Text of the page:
Other things YOU could be doing:

Do you like poetry?  You remember that Mary Alexandra Agner has a Patreon whereby you can support her science-inspired poetry, and get poems sent to you monthly, right?   I’m pleased to be one of her patrons…

Well, Jo Walton also writes poetry, with a wider range of inspirational sources — and Jo Walton now has her own Patreon account to support that effort. I really enjoy Jo’s poems, which I read on her blog regularly.  So I signed up to demonstrate my support with actual cash money.   You could do that, too!

(Okay.  Back to the unweaving of my currently-wrongly-woven tale, so that I can reweave it into what I should have been weaving in the first place.  I blame the day job.  Which is gone now.  So, you know: time to get it right.)


Aug 30 2015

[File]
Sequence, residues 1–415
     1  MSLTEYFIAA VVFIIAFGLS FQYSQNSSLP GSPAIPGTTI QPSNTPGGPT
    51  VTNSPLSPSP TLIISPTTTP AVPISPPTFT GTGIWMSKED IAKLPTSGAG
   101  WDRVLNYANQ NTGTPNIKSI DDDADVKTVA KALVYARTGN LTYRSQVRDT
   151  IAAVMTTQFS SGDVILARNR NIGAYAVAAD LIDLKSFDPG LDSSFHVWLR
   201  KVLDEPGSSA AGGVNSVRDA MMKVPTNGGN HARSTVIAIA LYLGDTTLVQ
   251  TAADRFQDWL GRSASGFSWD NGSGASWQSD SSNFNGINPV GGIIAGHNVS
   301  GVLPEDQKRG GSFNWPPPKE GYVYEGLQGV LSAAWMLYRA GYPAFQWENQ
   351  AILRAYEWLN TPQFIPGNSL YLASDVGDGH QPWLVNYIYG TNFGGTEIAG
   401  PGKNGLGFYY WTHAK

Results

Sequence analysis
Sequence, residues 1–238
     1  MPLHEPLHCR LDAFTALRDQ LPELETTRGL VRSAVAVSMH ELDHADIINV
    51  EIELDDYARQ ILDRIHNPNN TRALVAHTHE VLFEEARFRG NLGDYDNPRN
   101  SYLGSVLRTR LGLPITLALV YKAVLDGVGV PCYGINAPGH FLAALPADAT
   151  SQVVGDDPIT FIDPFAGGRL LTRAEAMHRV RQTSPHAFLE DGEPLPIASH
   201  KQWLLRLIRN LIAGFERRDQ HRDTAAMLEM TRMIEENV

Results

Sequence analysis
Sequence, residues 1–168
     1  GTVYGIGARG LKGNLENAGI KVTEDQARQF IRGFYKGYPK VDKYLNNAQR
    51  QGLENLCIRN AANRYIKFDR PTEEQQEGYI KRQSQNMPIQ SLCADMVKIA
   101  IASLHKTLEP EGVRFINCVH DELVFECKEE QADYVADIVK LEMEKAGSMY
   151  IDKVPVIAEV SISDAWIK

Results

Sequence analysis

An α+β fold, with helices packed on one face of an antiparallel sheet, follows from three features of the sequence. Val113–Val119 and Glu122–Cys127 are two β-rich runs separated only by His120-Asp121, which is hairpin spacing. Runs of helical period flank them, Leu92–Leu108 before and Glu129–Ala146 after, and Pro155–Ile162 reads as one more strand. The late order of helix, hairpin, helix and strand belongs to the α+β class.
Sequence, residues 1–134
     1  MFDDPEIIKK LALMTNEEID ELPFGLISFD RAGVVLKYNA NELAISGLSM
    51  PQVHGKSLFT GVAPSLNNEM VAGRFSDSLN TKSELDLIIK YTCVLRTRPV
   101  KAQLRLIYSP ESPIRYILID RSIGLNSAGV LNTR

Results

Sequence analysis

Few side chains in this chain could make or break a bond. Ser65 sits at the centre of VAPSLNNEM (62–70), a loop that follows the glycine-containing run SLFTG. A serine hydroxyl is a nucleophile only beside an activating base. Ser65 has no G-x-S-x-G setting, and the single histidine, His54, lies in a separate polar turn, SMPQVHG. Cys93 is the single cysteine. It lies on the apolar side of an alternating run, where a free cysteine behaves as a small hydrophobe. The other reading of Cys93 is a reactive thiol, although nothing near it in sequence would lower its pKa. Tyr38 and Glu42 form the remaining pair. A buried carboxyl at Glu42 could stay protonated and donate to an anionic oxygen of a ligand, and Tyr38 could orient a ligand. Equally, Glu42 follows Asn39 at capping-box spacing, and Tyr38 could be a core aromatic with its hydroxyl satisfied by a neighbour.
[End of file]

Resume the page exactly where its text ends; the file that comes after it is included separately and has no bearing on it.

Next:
Stealth review of The Steerswoman series, discovered via search for poetry.


You remember Mary Alexandra Agner, right?  I’ve mentioned her before:  Science writer and poet — I signed up as a buck-a-month patron of hers on Patreon. 

Mary sent out an email recently to her Patreon patrons, alerting us to the fact that she had two poems in the January issue of The Cascadia Subduction Zone.   CSZ is a print-form (as opposed to online) literary quarterly, with reviews and essays and poems, with a particular interest in the works of women writers.  Although the physical version costs physical money, CSZ is nice enough to put PDF copies online for free, six months after the original publication.

So naturally, I clicked over and started scrolling down to find Mary’s poems.  But before I got there:  a review of the Steerswoman series, by none other than SFF author Kate Elliot.